Before the 1960s very few Christians, conservative or liberal, Protestant or Catholic, spoke of “my relationship with God/Jesus.” Rather they used different language to point to their religious convictions, based either on the terms used in the Bible or in the Christian tradition – e.g., a child of God, a son of God, a disciple, following Jesus, walking with Jesus, a baptized believer, a believer, and so on.
What brought the revolution in description from the 1960s onwards which affected ALL kinds of Christians – fundamentalist, conservative, protestant, catholic, liberal and progressive – who hold all kinds of “values” and doctrines?
No version of the Bible in use at that time used the word “relationship” and neither did any official Book of Liturgy! Thus how could a non-biblical word/expression triumph and be the word to sum up the religious experience of being in touch with God?
The answer begins with the arrival of the therapeutic culture in the 1960s, but there is more to it than that.
After World War II several hundred (mostly Jewish) professional psychologists and psychiatrists changed the culture of the USA (and then of much of western society) by introducing psychotherapy into the popular market place. One thinks of the names of Freud, Adler and Maslow and then the popularizers like Rabbi Joshua Liebman, Rabbi Harold Kishner [When Bad Things happen to Good People], and columnists like Anne Landers and Joyce Brothers.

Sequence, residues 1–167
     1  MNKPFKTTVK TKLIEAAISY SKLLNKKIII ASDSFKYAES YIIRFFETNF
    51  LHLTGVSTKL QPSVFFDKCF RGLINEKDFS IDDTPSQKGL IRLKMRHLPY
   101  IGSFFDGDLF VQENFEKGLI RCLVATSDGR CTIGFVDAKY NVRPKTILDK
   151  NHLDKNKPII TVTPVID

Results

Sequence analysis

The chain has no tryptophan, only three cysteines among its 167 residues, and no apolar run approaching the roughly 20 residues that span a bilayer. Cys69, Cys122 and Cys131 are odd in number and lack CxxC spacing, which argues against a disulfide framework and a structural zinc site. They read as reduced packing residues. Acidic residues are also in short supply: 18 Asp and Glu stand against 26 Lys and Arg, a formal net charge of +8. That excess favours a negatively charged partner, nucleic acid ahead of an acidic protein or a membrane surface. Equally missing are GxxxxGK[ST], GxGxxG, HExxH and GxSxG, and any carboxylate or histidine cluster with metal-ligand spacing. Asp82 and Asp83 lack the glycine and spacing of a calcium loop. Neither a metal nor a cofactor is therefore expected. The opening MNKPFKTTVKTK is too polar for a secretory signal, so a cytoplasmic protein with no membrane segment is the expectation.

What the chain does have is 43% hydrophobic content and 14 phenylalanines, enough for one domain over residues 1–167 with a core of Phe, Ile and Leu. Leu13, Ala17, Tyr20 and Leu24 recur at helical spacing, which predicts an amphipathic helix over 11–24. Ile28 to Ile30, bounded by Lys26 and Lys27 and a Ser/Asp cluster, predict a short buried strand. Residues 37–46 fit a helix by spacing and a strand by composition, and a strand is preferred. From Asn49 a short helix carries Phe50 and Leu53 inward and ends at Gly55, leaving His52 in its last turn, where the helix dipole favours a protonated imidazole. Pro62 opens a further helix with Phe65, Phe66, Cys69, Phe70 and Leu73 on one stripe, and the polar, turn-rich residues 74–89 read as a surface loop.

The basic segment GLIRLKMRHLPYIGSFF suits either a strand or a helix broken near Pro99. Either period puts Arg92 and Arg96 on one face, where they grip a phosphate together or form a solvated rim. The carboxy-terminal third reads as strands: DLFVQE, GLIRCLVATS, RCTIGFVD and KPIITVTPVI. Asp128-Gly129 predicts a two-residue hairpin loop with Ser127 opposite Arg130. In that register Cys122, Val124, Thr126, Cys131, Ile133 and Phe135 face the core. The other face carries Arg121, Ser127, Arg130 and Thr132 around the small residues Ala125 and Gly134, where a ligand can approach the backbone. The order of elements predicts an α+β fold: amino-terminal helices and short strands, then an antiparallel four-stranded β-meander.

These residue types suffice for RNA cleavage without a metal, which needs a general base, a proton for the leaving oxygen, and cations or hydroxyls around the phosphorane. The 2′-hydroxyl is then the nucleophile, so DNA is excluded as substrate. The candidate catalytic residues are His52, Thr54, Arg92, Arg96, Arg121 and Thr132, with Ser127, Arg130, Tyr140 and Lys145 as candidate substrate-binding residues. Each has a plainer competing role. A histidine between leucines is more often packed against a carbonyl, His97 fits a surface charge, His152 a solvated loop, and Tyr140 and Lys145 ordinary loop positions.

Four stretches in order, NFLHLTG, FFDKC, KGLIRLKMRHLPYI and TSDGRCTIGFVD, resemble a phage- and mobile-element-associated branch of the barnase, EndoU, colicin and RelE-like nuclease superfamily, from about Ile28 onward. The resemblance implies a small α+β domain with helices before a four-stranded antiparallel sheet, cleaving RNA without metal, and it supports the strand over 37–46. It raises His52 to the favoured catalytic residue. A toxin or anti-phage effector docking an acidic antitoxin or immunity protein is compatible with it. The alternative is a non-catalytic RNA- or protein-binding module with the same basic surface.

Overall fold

What did they do? And why did they do it? Here is the answer of Andrew R. Heinze, who has researched this topic more than anyone else:
“To reckon with the myths and realities of Jewish neurosis, those popular psychologists emphasized the psychologically crippling effects of religious persecution and orthodox dogma, defended the neurotic as a creative force in society, and presented the once-ghettorized Jews as an examplar of psychic survival in modern civilization.” [ Jews and the American Soul, Princeton Univ Press, 2005]
Thus there began what was to become the rapid advance of psychotherapy in the USA with its new explanations of human nature and the self, offered first to Jews and then by Jews to Christians and fellow Americans.
This advance was not primarily because of the secularization of American society, or the arrival of emphasis on human rights, or the loss of the Protestant work ethic, although these things certainly helped erode the received view of human nature and the soul. Rather, it was through the adapting of what Jewish scholars and popularists had first applied to Jewish people to bring them out of the ghetto-mindset and holocaust-mindset into the mainstream of US society to other Americans, especially to Christians.